The trip is part of a diplomatic mission to rally regional powers to exert pressure on the Taliban to keep its promises of bearing down on terrorist threats and protecting human rights.
Raab met with the Amir of Qatar Sheikh Tamim bin Hamad Al Thani and Qatari Foreign Minister Sheikh Mohammed bin Abdulrahman Al Thani and discussed the feasibility of getting Kabul airport up and running and safe passage for foreign nationals and Afghans across land borders.
During a press conference after the meeting, the Qatari foreign minister said Qatar is in talks with the Taliban about reopening the airport and that he remains hopeful.
“There is no clear indication when it is going to be fully operational yet but we are working very hard and also engaging with the Taliban to identify what are the gaps and the risks for having the airport back up and running,” he said.
“We will remain hopeful that we will be able to operate it as soon as possible.”
Raab told the press conference that the UK “will not be recognising the Taliban any time in the foreseeable future,” but he believes “there is an important scope for engagement and dialogue.”
He also said Qatar—which played a high-profile role with regard to Afghanistan in recent years—was a “lynchpin” in dealing with the crisis going forward as he seeks to get wider buy-in to the diplomatic efforts.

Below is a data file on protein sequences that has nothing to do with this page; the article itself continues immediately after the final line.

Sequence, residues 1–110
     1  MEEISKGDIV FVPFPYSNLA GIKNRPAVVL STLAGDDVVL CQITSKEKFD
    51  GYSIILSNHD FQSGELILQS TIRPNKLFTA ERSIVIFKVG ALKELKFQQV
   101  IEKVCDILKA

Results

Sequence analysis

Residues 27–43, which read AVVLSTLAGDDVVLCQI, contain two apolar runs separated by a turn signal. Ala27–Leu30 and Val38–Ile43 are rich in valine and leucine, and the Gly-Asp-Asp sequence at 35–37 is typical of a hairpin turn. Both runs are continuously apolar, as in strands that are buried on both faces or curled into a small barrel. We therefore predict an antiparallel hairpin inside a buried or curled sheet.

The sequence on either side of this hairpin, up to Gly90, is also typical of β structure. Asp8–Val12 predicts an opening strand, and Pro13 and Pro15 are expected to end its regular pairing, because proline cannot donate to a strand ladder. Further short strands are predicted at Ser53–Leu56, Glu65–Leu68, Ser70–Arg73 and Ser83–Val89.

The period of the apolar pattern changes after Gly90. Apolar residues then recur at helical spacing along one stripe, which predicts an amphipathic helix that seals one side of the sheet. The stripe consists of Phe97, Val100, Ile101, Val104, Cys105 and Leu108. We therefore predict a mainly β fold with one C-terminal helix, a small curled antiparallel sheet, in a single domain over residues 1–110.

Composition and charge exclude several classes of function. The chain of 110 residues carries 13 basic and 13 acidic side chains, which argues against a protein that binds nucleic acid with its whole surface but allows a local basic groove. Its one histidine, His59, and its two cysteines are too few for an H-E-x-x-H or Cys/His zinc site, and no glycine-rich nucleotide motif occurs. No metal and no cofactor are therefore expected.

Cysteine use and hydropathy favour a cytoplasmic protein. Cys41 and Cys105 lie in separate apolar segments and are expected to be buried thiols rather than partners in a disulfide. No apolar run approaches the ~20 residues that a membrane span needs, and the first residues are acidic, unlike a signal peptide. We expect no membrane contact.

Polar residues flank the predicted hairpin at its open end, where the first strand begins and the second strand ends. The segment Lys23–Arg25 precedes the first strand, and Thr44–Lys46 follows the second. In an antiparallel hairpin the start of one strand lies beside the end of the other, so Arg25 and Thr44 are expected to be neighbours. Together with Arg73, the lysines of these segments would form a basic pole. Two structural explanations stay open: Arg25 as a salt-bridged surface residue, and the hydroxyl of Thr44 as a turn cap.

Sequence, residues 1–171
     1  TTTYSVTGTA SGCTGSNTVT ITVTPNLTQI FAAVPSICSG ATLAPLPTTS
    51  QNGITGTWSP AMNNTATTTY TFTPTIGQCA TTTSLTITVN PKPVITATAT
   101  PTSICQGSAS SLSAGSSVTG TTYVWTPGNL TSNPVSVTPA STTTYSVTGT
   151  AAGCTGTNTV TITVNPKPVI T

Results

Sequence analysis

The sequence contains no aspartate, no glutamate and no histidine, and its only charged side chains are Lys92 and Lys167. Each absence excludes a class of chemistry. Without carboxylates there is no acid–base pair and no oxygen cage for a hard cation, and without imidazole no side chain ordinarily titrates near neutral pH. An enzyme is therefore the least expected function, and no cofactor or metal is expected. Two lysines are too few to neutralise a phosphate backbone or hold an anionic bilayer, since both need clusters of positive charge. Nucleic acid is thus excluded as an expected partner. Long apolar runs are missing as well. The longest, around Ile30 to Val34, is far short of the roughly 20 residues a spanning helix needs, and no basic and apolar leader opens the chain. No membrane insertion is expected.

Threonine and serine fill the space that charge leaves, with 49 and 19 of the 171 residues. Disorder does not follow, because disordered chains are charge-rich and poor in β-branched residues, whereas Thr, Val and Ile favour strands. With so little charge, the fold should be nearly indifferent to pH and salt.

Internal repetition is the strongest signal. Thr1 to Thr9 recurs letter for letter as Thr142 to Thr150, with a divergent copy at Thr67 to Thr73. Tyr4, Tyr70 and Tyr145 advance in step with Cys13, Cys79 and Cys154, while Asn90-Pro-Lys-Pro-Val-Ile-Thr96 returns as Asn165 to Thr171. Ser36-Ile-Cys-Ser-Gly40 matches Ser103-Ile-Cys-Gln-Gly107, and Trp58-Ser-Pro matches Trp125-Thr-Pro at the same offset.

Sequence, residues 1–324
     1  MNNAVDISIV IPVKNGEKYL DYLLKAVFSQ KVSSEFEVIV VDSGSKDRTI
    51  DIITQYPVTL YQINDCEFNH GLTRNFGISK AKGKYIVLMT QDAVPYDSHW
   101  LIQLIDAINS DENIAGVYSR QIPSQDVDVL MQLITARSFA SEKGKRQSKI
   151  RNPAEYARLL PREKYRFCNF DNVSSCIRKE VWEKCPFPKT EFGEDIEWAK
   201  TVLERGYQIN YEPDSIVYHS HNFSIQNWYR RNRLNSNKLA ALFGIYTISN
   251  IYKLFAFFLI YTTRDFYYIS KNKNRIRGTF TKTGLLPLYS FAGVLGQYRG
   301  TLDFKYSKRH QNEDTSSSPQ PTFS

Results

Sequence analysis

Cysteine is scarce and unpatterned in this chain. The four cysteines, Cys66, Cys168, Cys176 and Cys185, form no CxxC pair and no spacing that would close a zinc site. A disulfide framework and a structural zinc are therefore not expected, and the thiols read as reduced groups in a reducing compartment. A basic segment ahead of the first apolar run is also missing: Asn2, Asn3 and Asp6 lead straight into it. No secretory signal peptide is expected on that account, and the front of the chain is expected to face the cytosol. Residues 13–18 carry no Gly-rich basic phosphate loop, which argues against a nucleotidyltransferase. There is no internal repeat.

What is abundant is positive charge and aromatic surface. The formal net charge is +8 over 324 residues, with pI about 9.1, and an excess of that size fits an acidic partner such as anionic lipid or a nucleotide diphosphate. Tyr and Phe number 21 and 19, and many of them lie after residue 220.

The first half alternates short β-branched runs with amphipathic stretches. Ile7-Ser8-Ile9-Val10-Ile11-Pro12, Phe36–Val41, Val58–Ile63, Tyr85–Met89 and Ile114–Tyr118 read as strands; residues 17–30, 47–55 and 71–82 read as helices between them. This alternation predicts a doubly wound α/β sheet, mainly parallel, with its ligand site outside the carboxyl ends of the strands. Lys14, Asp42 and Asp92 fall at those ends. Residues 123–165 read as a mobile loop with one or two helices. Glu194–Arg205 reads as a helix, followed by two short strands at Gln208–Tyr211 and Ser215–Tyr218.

“I think above all we need to put a grouping together that can exert the maximum moderating influence on what the Taliban does next and we will certainly be judging them, yes on their words, but more importantly what they do to live up to the assurances they’ve made,” he added.
The British Embassy to Afghanistan has been temporarily relocated to Doha until it can be re-established in Afghanistan, the Foreign Office said.
Raab previously said that it was hard to know the exact number of British nationals remaining in Afghanistan, but he estimated that the number is “in the low hundreds.”
The government has estimated that between 800 and 1,100 Afghans who would have been eligible to settle in the UK under the Afghan Relocations and Assistance Policy were left behind, although the Labour Party claimed that the government had “significantly” underestimated the number.
A former British soldier stranded in Kabul on Tuesday said he was planning to bring around 400 Afghans across the land border to a neighbouring country, and called on the Foreign Office to help clear the diplomatic hurdle on the other side.
PA contributed to this report.